The book I am currently working on is called Type Town, which, as the title suggests, looks at the typography of my surroundings. When I first started planning it I knew that the signage and street art in my neighbourhood was rich with possibility, but during the last few months of closer scrutiny it has proved to be even more interesting and engaging that I originally anticipated. These beautiful numbers are from a boarded up butcher’s shop window in Rozelle.



Wrought iron is a tough and malleable iron alloy, and over time has been used to make swords, cutlery, axes, garden furniture, rails, rivets, nails, nuts, bolts, horseshoes, decorative ironwork—to name but a handful of a huge array of items. These days, things that look like wrought iron, like this curly number, are more likely made of mild steel, but retain the name ‘wrought’ iron because they are worked by hand. This olde worlde style is not generally something I particularly warm to, but in this instance I was drawn to the shape of the numbers, particularly the spirally 6 and 3.

The number 6


I’ll just come right out and admit it: I’m a sucker for Sesame Street. I went to the gym mid-morning today, and all the treadmills and cross-trainers had their tv screens tuned to Sesame Street, proudly brought to us today by Big Bird and the number 6. Six goldfish, six meatballs on a bed of spaghetti, six singing blackbird puppets: who could ask for more! Sesame Street is imaginative, entertaining and heartwarming. All that, and you can learn to count, too. The number 6 here is Univers Extra Black and the bird is from the Wiesbaden Swing dingbat set.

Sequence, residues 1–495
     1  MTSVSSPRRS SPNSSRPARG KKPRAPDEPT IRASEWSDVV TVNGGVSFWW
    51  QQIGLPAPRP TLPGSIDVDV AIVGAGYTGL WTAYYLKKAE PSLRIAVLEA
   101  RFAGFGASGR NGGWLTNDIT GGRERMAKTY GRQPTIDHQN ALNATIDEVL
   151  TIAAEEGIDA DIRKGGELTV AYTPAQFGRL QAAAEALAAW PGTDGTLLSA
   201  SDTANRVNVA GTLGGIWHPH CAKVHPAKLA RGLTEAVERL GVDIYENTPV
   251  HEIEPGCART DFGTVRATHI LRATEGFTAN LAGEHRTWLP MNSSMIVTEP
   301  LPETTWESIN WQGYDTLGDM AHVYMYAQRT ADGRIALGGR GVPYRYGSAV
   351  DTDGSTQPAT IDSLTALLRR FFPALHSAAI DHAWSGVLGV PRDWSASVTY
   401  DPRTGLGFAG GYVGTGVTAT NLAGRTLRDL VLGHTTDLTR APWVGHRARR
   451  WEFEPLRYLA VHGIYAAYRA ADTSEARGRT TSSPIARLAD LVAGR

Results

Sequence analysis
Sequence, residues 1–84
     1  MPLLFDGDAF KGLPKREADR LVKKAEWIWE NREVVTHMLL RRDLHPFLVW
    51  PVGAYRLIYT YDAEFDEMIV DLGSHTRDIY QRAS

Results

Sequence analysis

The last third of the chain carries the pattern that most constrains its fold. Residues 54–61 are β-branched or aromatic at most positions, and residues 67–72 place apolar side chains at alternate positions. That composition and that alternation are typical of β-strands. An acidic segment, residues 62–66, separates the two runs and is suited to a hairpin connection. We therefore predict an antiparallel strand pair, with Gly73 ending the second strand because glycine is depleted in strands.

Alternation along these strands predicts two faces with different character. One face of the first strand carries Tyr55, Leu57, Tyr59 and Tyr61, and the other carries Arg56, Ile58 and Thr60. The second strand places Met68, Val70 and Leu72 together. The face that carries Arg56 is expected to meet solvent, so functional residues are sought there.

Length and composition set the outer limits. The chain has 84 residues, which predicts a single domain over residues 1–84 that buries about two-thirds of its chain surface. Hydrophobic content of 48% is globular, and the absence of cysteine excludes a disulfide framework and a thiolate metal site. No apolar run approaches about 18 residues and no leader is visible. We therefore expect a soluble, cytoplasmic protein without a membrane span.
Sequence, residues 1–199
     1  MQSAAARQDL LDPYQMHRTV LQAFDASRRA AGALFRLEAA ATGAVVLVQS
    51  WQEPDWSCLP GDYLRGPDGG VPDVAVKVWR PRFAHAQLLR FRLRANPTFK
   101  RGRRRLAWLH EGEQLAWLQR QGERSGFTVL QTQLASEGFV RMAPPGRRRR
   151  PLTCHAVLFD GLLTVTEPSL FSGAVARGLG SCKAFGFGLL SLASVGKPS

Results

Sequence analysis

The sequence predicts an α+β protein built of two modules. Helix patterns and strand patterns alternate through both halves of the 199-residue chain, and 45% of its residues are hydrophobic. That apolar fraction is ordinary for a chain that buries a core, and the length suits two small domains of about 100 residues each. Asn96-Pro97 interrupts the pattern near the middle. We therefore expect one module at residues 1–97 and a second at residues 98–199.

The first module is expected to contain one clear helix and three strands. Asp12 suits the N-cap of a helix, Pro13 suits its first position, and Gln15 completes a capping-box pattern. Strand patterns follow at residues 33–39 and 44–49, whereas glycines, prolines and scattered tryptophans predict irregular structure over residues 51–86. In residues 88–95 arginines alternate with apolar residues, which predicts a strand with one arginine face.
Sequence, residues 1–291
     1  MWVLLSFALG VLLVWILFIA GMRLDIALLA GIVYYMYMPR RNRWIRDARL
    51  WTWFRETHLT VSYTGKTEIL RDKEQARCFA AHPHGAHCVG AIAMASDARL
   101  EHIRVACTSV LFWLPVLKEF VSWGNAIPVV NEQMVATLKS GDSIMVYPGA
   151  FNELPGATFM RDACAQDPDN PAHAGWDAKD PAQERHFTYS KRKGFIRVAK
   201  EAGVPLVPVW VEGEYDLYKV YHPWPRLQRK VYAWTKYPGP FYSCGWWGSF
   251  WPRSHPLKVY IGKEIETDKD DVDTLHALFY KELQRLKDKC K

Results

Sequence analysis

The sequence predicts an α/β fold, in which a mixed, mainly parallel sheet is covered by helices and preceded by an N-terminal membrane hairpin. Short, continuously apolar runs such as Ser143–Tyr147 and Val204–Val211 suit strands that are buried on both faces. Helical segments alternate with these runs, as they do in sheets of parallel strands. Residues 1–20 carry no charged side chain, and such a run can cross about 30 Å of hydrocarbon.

This 1936 is a little out of the ordinary. I like its hand-drawn qualities—the variation in the thickness of the strokes, the way the tapering 1 works with the stylised 9 so that together they have a design aesthetic while still being legible.



This is a satisfyingly eccentric yet understated 1927. The ball terminals on the 9 and 2 bring to mind quotation marks, and the swell and kick of the 2’s horizontal stroke make it quite swan-like. In fact the whole thing is rather graceful and lighthearted. The numbers are not overly ornate yet they exude a great deal of character.

Green post


Narooma is a seaside town located on the south coast of New South Wales. The name derives from the Aboriginal word meaning ‘clear blue waters’. The waters may certainly be clear blue, but so is the sky, making this green post on the harbour breakwater—with its motley collection of numbers that look like they were sourced from the local hardware store—stand out bright and sharp in the strong afternoon light. I have a particular fondness for Narooma. When I was about eight years old, on a summer holiday road trip, my parents were unable to find accommodation, so we opted for a quiet stretch of beachside parking and set up makeshift camp, me in the open boot of the car. When we woke, the previously deserted area was chock full of surfers and early morning swimmers, no doubt experiencing the clear blue waters for themselves.